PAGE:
Though seemingly unremarkable, the village of Khushpur is sometimes described as Pakistan’s Vatican. It is the heart of the Catholic Church in Pakistan: this one parish has produced two bishops, over 35 priests, and hundreds of brothers and sisters. The National Formation Center for Catechists is also in Khushpur; catechists from all over the country are trained there.
And one of Khushpur’s beloved sons was the late Shabaz Bhatti, the former Minorities’ Minister of Pakistan. He was a profoundly devout Catholic who publicly denounced the country’s infamous blasphemy laws. He knew that his life was at risk, but he was willing to die for Christ. In March 2011, he was assassinated by extremists on his way to work.
The town of Khushpur, with a population of almost 8,000 Catholics, lies 25 miles south of the city of Faisalabad. It is the largest predominantly Catholic village in Pakistan. Nationally, Christians are a small minority and regularly contend with discrimination, obstruction, and outright violence.
But despite general conditions, the parish is exceptionally active. Feasts and festivals are celebrated with great solemnity, particularly the feast of Christ the King, which is marked by an hours-long procession.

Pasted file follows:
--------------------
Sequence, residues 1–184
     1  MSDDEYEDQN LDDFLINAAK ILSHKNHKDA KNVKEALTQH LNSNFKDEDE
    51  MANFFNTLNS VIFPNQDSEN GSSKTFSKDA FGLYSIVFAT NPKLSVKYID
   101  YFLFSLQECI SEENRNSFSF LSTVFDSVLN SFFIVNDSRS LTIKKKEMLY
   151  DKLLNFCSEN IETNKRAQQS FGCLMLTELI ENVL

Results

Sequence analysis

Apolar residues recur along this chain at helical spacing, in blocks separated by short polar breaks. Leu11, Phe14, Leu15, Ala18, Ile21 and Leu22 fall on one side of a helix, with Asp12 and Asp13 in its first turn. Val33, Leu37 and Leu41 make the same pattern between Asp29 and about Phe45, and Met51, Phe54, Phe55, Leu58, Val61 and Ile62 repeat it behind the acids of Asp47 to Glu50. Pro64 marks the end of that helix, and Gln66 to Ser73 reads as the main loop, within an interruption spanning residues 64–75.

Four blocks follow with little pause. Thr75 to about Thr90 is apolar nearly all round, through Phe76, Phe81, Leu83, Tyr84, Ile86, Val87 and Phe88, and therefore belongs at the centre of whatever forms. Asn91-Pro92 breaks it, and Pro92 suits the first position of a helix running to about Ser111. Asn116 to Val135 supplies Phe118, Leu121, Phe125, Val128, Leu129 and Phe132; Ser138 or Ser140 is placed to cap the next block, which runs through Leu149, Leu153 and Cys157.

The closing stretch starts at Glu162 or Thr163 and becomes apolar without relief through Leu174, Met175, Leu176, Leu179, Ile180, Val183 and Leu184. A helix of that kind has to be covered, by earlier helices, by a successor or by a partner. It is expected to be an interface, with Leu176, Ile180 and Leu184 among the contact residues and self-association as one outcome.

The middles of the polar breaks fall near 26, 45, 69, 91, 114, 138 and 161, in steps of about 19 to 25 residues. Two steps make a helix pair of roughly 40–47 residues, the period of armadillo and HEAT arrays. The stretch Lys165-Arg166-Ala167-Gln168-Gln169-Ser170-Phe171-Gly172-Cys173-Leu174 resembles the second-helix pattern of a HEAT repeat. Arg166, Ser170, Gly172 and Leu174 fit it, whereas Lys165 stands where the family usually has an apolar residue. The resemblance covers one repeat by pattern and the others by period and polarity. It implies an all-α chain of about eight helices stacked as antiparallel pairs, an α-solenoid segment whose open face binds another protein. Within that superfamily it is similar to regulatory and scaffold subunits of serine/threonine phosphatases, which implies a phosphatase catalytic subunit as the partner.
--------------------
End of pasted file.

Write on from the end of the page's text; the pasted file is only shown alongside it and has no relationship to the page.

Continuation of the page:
The people are resolute in their faith, and they diligently follow the Church’s liturgical calendar. Prayer and the Sacraments are part of their daily lives.
But they are a large and scattered group, so a good vehicle is essential to effective pastoral care. Priests and catechists must preside over Mass in remote towns, tend to the sick and housebound, and manage parish activities. They cannot properly lead the community without a reliable means of transport.
ACN has offered them $8,000 for a new pastoral vehicle. Will you help us fulfill this promise and support Pakistan’s Vatican?
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